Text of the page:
Stocks fell on Friday on worry about earnings quality after General Electric Co missed quarterly estimates, discouraging investors after Wall Street's four-day rally.

GE's profit fell by almost half as the slump that has gripped its finance and media businesses took hold of its heavy industrial units. The conglomerate's revenue fell 17 percent and its stock slid 6.2 percent to $11.63.

With companies such as Intel Corp and Goldman Sachs Group posting strong quarterly results earlier in the week, investors had been eager to see some consistency from other bellwether names.

GE numbers are not a good sign and a reflection of the global economy still being weak, said Bill Strazullo, chief market strategist at Bell Curve Trading in Boston. The market is holding in, but it is not all clear.

Despite Friday's decline, the broad S&P 500 index is on track to post its largest weekly percentage advance since mid- March.

Shares of Google fell 3.1 percent to $429.07 on Nasdaq after news that the weak economy and a slump in advertising spending took a toll on revenue growth at the Internet giant. Its results, posted late on Thursday, beat Wall Street's expectations, however.

Bank of America posted lower earnings and Citibank relied on a gain off its Smith Barney deal with Morgan Stanley to turn a profit. [ID:nSP533186] Shares of Bank of America dropped 2.7 percent to $12.82, while Citigroup's stock was up 0.7 percent at $3.05.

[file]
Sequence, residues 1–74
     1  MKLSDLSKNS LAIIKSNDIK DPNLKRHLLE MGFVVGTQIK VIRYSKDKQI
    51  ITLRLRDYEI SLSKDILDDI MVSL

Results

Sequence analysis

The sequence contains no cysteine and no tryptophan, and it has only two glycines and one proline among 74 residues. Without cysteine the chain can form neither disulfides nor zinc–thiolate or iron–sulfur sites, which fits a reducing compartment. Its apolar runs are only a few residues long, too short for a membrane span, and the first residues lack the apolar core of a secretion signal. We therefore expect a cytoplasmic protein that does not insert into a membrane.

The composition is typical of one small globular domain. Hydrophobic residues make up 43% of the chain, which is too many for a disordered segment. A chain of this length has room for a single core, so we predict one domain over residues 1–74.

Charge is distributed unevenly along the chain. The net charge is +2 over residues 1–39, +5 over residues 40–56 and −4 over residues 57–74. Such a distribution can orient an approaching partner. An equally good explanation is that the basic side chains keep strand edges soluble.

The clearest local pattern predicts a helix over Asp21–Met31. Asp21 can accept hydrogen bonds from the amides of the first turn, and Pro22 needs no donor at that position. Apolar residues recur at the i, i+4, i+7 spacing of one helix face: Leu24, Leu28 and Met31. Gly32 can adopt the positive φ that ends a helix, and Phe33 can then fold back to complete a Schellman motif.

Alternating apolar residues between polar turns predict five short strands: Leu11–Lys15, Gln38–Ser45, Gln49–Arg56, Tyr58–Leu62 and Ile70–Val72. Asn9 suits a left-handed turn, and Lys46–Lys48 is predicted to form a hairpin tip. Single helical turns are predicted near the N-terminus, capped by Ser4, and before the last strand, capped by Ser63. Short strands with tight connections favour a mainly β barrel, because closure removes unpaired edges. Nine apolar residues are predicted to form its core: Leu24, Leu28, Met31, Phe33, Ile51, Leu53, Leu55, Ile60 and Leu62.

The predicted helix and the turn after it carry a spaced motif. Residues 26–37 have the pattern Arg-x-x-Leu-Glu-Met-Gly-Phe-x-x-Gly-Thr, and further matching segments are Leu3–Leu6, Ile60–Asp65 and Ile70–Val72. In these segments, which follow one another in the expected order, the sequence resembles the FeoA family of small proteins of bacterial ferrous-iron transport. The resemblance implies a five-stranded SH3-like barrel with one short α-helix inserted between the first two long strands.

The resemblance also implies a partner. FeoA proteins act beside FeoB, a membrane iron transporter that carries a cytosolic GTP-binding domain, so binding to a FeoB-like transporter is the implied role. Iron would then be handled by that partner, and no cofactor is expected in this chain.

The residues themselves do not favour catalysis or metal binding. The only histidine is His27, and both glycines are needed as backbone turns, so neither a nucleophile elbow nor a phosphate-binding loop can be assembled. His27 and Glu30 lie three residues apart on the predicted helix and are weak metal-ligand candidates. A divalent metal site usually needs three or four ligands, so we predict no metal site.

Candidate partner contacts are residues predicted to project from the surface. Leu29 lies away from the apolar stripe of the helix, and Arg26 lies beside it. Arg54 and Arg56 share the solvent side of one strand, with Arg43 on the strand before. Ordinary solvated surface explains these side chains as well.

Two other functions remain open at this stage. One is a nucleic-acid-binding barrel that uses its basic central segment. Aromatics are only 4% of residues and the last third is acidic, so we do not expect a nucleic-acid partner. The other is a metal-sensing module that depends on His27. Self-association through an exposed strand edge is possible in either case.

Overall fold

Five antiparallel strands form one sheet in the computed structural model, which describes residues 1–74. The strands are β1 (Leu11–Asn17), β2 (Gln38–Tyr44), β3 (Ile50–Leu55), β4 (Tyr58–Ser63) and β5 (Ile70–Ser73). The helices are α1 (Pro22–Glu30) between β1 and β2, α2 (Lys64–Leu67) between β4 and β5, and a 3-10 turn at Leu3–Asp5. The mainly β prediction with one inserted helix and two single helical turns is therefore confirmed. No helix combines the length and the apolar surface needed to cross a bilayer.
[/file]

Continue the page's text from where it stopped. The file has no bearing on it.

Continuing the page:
The Dow Jones industrial average <.DJI> dropped 9.22 points, or 0.11 percent, to 8,702.60. The Standard & Poor's 500 Index <.SPX> fell 4.76 points, or 0.51 percent, to 935.98 while the Nasdaq Composite Index <.IXIC> slid 8.44 points, or 0.44 percent, to 1,876.59.

Even with Friday's modest pullback, all three major U.S. stock indexes are on track for their best week since mid-March. Both the Dow and the S&P 500 are set to snap four-week losing streaks.

The S&P 500 had climbed as much as 40 percent from its 12-year closing low hit in early March, but the run-up stalled in June. The benchmark index had dropped 7 percent from the rally's June peak. But after an upbeat start to second-quarter earnings season, it is up 38.5 percent from the March low.

In other earnings news, a spike in shares of International Business Machines Corp helped cushion the Dow industrials, after the company raised its full-year earnings forecast late on Thursday.

On the economic front, data showed U.S. housing starts and building permits jumped more than expected in June, propelled by a surge in single-family home starts.

Shares of DR Horton , up 2.4 percent at $9.87, helped push the Dow Jones U.S. home construction index <.DJUSHB> up 1.7 percent.

(Editing by Jan Paschal)